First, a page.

Sophie Blackall Illustration

Drawings and Snippets and Breaking News, (but more snippets than breaking news).

Wednesday, November 11, 2015

The Making of Finding Winnie - Part 4

The story of Finding Winnie takes place in the context of WW1. Winnie, named for Winnipeg, became the mascot of the Second Canadian Infantry Brigade, and by all accounts she provided entertainment, distraction, comfort and solace to the troops, many of whom were very young and far from home. This illustration of Winnie posing with the soldiers was inspired by a photograph from the author, Lindsay Mattick's family archives. Harry is in the second row, second from left, seated.

Growing up in Australia, we learned about the Great War from an Australian perspective. Egypt and Gallipoli and ANZAC biscuits. (My own great uncle, Lancelot Blackall, below, served with the Light Horse Brigade.)
So it was interesting to delve into Canadian history. I read about soldiers' kits, Ross Rifles, MacAdam Shield-Shovels, and their doomed boots. Ross Rifles were long and heavy, performed poorly in damp conditions and would often jam after first firing, making it impossible to reload. As the name suggests, the MacAdam Shield-Shovel was designed to be a multi-purpose shield and shovel. Unfortunately it weighed over five pounds which made it difficult to carry, the shovel’s blade was incapable of stopping the penetration of gunfire even from the smallest of enemy calibre arms, and the fact that it contained a large sight-hole made it almost useless for shoveling. As for the boots, they were made with pressed cardboard soles, which rapidly disintegrated in the mud.
This image of Harry's regiment marching in the incessant rain on the Salisbury Plain mirrors the composition of his departure earlier in the book. The First World War was all about hordes of young men, embarking on journeys with uncertain destinations.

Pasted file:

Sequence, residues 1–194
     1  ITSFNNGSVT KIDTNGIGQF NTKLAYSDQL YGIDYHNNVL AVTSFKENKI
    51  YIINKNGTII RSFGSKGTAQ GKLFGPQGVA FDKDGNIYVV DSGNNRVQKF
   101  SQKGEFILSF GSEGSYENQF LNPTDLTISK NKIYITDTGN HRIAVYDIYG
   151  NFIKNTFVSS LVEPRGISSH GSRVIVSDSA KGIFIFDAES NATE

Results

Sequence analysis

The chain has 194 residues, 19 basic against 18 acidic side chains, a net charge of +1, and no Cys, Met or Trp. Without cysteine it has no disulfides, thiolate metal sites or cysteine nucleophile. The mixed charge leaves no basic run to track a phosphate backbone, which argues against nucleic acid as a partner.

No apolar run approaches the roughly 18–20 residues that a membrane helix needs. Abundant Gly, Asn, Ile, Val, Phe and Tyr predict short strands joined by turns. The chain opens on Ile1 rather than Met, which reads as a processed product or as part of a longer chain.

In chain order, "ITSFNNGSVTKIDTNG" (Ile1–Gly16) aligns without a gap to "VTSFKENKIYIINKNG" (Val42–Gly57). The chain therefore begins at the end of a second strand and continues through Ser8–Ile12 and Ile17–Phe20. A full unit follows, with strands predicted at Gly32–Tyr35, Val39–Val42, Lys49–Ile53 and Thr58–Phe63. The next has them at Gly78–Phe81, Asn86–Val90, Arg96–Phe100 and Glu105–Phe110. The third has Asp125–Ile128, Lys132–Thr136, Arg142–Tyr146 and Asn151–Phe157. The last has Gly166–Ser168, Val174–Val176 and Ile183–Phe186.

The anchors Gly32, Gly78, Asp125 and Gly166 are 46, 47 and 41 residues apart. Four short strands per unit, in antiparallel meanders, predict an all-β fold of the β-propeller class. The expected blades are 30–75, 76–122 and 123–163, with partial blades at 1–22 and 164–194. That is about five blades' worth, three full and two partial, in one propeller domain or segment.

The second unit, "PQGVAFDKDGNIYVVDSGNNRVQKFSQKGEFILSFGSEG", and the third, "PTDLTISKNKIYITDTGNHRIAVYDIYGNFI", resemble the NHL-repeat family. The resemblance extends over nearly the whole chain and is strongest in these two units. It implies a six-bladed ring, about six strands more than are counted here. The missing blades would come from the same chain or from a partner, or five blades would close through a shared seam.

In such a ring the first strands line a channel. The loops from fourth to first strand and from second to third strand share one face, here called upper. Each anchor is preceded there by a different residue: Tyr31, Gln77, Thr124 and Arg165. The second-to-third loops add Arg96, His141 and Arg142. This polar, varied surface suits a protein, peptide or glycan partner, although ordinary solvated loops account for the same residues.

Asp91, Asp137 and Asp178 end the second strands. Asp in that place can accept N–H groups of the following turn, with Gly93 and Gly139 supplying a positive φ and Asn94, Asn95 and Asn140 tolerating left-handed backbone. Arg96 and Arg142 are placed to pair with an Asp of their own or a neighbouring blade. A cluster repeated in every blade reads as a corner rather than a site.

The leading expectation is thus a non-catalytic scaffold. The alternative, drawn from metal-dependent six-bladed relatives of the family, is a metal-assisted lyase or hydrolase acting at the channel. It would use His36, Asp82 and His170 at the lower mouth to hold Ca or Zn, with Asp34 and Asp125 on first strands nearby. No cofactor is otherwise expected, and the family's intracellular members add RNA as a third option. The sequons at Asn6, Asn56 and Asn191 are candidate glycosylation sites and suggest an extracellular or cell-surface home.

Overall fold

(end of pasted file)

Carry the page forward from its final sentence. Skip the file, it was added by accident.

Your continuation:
We don't see anything of the actual War in Finding Winnie, but in the illustrations I wanted to allude to the devastation it caused. We all know the iconic photographs of soldiers leaving for war, hanging from train carriages, waving hats, reaching out for a last grasp of a wife's hand.

 I set up this scene with Harry's departure from Winnipeg...
...and echoed it with his return. The families are the same ones, four years later. We see the survivors and the gaps where men – or limbs – were lost.

Monday, November 2, 2015

The Making of Finding Winnie - Part 3

 When my not-yet editor Susan Rich first sent me Lindsay Mattick's manuscript for Finding Winnie, she described it as "full of wonderful things to bring to life; a sea of white tents at the army barracks, a parade of ships crossing the ocean in 1914, The London Zoo..."
From the very beginning I was excited to paint the parade of ships. 
"Nobody had ever tried to float so many people and animals across the Atlantic Ocean before. 
Thirty ships sailed together, carrying about 36,000 men, and about 7,500 horses... 
and about one bear named Winnie."
I sketched the image above, which was how I imagined the parade. I read that Harry and Winnie had been on board the S.S. Manitou, one of the many merchant ships escorted by warships in formation across the Atlantic Ocean. 
It was pretty easy to find an image of the S.S. Manitou.

I could have just made up the other ships, but I thought, there are people who are serious about ships, and they will know I just made them up. So I went looking for  reference photographs of the convoy. This was the only one I could find. It was war, after all, and the Canadian army didn't want the enemy to know they were coming, so people probably weren't encouraged to take snapshots.
 And it's a pretty striking photograph, but it didn't tell me much about what the individual ships looked like. Then I found this painting by Lieutenant Commander Norman Wilkinson,
called Canada's Answer, which gave me a few more clues.
Then I found a very helpful website with an archive of primary documents from the Great War ( and found a list of all the ships and the order in which they sailed. I drew lines radiating from the S.S. Manitou and did image searches for those ships in lines, trying to get one whole set. It was a bit like bingo.
They sailed at sunset, so a red sky made sense, but it was also meant to suggest the war they were sailing towards. From the painting above I saw some ships were flying signal flags. I read (more than I ever imagined I might) about signal flags from my studio mate Brian Floca's extensive library, and just so you know, I tucked a secret message into that string of flags.
Do you notice anything else in this picture? The Canadian flag? The book had gone off to the printer and at the very last moment somebody noticed that the flag was the maple leaf. Which was designed in 1965. This convoy took place in 1914. Oops. Thank goodness we were able to fix it in the nick of time.